Studies undertaken in South Africa have found that social franchising partnerships for the routine maintenance of infrastructure could alleviate and address many challenges in the management of water services. A three-year pilot project has drawn to a successful conclusion. This provided selected infrastructure maintenance services to approximately 400 schools in the Butterworth education district in the Eastern Cape province. Half a dozen franchisee microbusinesses were created, and of the order of three dozen previously unemployed people were taught workplace skills. Irish Aid funded the concept development, but the franchisees were paid from the normal schools operation and maintenance budgets. Despite difficulties arising directly from provincial education department inefficiencies, the pilot project has proven the value of social franchising partnerships for this kind of work – the department now has a model it can roll out to the rest of the more than 4,000 rural schools across the Eastern Cape. Many opportunities lie in applying the same approach to other operation and/or maintenance activities within the water and sanitation services delivery chain. The time is ripe to further develop the concept so that it can move up the technology ladder, expanding its range of competencies beyond its current tried and tested boundaries.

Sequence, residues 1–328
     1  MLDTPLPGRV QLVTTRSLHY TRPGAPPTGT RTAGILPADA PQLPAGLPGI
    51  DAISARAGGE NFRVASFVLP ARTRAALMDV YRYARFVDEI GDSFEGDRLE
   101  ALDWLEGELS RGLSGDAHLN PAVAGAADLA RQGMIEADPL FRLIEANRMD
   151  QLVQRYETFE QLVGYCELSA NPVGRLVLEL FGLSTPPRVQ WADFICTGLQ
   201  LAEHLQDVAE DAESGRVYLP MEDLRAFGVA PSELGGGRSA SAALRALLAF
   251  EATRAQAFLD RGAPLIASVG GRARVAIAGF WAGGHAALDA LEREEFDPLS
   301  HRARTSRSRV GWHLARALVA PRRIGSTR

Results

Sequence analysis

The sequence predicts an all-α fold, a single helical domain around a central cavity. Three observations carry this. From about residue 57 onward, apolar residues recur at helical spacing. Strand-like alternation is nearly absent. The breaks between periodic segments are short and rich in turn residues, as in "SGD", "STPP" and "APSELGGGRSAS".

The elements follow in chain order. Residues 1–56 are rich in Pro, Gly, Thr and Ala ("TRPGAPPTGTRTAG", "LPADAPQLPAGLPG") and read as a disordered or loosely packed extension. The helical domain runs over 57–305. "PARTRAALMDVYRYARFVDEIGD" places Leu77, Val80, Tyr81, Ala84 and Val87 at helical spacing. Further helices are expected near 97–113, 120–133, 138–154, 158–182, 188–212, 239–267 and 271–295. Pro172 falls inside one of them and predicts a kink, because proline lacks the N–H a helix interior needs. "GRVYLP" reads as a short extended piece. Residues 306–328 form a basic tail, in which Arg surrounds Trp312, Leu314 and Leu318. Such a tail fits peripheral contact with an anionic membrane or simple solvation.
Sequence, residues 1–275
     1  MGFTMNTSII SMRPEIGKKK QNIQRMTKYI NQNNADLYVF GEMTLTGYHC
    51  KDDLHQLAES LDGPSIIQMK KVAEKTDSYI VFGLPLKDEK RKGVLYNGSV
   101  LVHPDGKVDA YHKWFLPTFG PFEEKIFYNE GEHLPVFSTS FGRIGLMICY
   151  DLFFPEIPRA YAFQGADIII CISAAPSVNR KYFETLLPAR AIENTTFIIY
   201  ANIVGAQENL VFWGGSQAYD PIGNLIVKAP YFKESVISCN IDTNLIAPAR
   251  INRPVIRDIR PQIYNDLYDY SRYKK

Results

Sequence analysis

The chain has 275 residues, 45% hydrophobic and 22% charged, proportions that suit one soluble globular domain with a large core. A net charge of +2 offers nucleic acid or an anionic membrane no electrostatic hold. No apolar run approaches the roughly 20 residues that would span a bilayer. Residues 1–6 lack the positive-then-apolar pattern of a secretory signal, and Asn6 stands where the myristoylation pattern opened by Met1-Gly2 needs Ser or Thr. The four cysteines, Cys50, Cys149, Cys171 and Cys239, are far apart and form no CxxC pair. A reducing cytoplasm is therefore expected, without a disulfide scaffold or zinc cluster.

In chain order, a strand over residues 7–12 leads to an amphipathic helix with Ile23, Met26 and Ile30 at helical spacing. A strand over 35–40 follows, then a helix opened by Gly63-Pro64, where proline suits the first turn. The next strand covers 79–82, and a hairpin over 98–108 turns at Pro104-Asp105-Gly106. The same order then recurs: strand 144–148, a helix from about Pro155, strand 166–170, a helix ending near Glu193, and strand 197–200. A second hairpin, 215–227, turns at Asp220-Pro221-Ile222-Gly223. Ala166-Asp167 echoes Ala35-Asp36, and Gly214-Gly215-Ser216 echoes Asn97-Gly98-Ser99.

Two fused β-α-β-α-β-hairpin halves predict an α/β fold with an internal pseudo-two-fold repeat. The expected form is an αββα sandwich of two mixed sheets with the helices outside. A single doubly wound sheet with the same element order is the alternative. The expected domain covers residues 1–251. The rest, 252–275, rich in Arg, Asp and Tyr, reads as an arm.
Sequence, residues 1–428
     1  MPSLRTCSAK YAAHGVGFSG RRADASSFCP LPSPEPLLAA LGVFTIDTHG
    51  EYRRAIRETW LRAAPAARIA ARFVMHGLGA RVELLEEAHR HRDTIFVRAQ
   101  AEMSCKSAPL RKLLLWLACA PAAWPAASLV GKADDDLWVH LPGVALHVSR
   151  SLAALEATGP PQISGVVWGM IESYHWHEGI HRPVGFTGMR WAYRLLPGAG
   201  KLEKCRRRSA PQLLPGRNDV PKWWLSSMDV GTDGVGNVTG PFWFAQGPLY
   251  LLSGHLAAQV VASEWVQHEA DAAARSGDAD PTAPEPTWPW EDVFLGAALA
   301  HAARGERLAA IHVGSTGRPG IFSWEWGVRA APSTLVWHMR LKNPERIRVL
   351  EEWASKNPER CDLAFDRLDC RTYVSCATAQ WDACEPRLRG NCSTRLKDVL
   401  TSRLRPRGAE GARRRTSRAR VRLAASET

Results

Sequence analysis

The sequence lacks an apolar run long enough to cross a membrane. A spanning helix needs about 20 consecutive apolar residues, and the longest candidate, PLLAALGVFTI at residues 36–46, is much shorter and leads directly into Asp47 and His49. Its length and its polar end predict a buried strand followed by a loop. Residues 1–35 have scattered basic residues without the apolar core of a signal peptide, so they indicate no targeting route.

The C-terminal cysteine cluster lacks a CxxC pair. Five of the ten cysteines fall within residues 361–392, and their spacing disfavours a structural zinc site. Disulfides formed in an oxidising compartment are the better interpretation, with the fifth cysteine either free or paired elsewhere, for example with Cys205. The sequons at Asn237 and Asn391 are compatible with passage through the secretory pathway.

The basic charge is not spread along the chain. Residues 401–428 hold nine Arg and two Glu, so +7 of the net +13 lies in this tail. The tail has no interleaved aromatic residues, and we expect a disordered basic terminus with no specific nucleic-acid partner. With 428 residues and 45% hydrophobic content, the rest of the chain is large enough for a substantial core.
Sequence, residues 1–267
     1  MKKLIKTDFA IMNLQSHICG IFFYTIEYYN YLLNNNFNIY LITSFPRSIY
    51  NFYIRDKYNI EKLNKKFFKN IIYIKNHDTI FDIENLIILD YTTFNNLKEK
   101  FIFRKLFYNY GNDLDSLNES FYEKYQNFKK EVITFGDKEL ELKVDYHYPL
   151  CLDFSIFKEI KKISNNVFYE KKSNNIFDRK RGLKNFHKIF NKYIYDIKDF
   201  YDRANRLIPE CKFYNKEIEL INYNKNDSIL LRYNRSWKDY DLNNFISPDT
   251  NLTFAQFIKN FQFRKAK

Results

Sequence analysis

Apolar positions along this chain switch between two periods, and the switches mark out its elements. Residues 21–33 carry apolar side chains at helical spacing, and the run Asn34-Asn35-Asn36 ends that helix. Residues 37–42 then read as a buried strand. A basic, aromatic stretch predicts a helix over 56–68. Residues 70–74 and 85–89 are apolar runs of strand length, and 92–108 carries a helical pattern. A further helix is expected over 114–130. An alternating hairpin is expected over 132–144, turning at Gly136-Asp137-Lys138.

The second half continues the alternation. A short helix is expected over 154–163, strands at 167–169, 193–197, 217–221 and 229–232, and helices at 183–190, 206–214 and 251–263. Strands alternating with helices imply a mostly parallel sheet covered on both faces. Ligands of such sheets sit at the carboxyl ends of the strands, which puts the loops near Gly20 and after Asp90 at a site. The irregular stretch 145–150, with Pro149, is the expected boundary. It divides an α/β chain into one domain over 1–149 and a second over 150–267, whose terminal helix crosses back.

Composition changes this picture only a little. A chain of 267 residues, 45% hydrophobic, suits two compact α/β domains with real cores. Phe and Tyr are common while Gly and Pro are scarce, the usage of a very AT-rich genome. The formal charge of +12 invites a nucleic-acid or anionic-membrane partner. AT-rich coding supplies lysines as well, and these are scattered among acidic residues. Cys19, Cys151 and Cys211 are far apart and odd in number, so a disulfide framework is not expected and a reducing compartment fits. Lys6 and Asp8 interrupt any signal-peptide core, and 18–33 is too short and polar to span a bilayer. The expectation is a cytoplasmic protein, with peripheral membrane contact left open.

Social franchising principles do work: the business approach to removal and disposal of faecal sludge – from pilot to scale
K. Wall, O. Ive, J. Bhagwan, F. Kirwan; Social franchising principles do work: the business approach to removal and disposal of faecal sludge – from pilot to scale. Journal of Water, Sanitation and Hygiene for Development 1 September 2013; 3 (3): 451–458. doi: https://doi.org/10.2166/washdev.2013.007
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